Churchill's TrialIn Churchill’s Trial, Larry Arnn has given us a fascinating look at Winston Churchill’s battle to keep freedom alive, both in the moment of crisis and after the crisis has passed. You can read my full book review by clicking here. Below are a few of the quotes I highlighted as I read.

“Mankind has never been in this position before. Without having improved appreciably in virtue or enjoying wiser guidance, it has got into its hands for the first time the tools by which it can unfailingly accomplish its own extermination. That is the point in human destinies to which all the glories and toils of men have at last lead them. They would do well to pause and ponder upon their new responsibilities. Death stands at attention, obedient, expectant, ready to serve, ready to shear away the peoples en masse; ready, if called upon, to pulverize, without hope of repair, what is left of civilization. He awaits only the word of command. He awaits it from a frail, bewildered being, long his victim, now—for one occasion only—his master.” —Winston Churchill 

“Science is necessary, and also science is a master. As the human ability to make grows, the human ability to control the engines by which we make diminishes. The logical problem is relentless: we may stay as we are and lead shorter lives of pain and trouble, or we may use our capacity to make our lives easier and safer. If we do that we will gain power, and we can use that power against ourselves.” —Larry Arnn

“No material progress, even though it takes shapes we cannot now conceive, or however it may expand the faculties of man, can bring comfort to his soul.” —Winston Churchill 

“We must never cease to proclaim in fearless tones the great principles of freedom and the rights of man which are the joint inheritance of the English-speaking world and which through Magna Carta, the Bill of Rights, the Habeas Corpus, trial by jury, and the English common law find their most famous expression in the American Declaration of Independence. …

“All this means that the people of any country have the right, and should have the power by constitutional action, by free unfettered elections, with secret ballot, to choose or change the character or form of government under which they dwell; that freedom of speech and thought should reign; that courts of justice, independent of the executive, unbiased by any party, should administer laws which have received the broad ascent of large majorities or are consecrated by time and custom. Here are the title deeds of freedom what should lie in every cottage home. Here is the message of the British and American peoples to mankind. Let us preach what we practice—let us practice what we preach.” —Winston Churchill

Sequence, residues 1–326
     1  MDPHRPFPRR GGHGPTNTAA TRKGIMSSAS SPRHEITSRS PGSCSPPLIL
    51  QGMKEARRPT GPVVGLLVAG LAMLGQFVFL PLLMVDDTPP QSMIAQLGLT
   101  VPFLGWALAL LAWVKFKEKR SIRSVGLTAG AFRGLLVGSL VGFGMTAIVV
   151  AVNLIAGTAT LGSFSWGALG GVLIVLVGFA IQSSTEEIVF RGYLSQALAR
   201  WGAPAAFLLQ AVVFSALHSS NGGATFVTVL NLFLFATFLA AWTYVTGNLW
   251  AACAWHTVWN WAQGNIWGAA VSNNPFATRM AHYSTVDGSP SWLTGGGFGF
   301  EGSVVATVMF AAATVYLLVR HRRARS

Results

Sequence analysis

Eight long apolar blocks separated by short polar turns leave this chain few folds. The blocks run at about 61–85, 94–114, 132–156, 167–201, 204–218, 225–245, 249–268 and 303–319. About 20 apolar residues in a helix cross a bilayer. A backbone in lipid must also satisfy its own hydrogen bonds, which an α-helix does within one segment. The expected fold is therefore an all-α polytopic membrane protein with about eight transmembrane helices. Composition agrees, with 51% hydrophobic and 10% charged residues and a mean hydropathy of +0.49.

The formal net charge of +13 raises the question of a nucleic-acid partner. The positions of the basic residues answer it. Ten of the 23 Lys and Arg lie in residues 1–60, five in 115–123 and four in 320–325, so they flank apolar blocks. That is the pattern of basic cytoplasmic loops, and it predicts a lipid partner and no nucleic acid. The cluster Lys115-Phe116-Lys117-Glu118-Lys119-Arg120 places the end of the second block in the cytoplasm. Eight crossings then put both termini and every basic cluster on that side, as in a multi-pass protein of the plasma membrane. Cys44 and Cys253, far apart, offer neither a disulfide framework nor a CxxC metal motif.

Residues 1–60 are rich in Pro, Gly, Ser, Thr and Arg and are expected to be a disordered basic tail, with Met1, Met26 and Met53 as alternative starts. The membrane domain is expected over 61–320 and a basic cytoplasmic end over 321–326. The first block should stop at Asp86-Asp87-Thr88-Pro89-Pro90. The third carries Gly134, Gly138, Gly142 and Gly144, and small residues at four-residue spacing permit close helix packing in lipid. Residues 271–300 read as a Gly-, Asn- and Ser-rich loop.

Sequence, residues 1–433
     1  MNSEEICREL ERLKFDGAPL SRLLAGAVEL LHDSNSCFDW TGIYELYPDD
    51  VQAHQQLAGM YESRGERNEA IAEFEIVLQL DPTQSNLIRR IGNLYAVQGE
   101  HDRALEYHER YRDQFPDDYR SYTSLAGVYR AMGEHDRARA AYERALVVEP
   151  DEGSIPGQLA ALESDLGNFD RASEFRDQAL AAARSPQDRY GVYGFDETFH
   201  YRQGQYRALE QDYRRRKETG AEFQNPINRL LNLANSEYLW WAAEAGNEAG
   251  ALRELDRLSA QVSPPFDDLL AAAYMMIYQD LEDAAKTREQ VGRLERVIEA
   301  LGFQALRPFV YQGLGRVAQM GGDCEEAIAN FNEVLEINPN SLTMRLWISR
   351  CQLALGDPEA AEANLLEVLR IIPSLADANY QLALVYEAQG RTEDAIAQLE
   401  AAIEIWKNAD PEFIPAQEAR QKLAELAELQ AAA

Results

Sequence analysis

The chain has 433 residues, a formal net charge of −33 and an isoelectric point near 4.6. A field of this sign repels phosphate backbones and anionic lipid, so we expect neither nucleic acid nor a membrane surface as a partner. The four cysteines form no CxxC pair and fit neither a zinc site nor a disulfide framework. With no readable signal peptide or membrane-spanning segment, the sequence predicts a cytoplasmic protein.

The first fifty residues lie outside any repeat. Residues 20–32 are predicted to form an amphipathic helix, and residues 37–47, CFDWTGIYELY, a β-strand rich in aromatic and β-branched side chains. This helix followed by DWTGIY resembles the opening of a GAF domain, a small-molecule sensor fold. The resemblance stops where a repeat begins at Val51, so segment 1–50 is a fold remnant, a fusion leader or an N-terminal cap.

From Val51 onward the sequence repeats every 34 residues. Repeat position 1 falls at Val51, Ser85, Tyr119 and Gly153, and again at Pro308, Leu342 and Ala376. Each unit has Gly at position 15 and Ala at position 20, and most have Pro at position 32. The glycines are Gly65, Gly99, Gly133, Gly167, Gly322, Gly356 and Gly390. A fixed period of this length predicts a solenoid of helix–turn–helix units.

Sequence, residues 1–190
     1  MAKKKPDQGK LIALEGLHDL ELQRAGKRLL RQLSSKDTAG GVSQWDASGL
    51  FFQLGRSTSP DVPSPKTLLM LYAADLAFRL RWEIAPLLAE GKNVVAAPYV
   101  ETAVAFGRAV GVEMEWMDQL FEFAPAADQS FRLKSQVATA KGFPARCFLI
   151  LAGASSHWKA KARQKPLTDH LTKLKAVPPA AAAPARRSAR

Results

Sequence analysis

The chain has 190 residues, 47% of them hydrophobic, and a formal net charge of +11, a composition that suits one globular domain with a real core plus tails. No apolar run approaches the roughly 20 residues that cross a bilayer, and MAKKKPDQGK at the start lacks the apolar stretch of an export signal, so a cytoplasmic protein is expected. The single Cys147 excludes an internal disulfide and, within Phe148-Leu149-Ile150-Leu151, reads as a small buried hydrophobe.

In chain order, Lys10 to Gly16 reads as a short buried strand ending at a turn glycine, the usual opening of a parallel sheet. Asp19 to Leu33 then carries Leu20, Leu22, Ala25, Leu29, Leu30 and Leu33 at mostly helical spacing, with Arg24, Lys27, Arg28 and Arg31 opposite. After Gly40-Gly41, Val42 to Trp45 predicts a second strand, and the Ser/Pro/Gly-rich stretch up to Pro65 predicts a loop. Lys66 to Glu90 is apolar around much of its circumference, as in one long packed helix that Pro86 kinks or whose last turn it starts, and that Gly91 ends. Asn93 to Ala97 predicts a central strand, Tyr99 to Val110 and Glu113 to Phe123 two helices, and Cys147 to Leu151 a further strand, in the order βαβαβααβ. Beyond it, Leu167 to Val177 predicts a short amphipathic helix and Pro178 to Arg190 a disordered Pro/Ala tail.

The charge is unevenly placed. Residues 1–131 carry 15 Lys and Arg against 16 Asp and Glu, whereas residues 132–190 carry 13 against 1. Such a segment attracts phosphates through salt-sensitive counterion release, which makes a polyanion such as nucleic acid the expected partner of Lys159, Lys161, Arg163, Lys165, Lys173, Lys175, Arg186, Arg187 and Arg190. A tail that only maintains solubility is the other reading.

“There is enough for all. The earth is a generous mother; she will provide in plentiful abundance food for all her children if they will but cultivate her soil in justice and in peace.” —Bourke Cockran

“Human relations are not a contest in which the advantage of some requires the disadvantage of others. That means in turn that government need not have the authority to allocate resources, at least not comprehensively. A government with such power would be in one sense at war with any citizens who have more than others, effectively with all citizens but the few poorest.” —Larry Arnn

“In republics, the greater danger is that the majority may not sufficiently respect the rights of the minority.” —James Madison

“He who molds public sentiment goes deeper than he who enacts statutes or pronounces decisions.” —Abraham Lincoln

“Democracy properly understood means the association of all through the leadership of the best.” —Winston Churchill

“Our hearts will ache…if we have not a vision above material things.” —Winston Churchill

“If men were angels, no government would be necessary. If angels were to govern men, neither external nor internal controls on government would be necessary.” —James Madison

“We now watch the workings of a written Constitution enforced by a Supreme Court according to the letter of the law, under which anyone may bring a test case challenging not merely the interpretation of the law, but the law itself, and if the Court decides for the appellant, be he only an owner of a few chickens, the whole action of the Legislature and the Executive becomes to that extent null and void.” —Winston Churchill 

More quotes coming soon…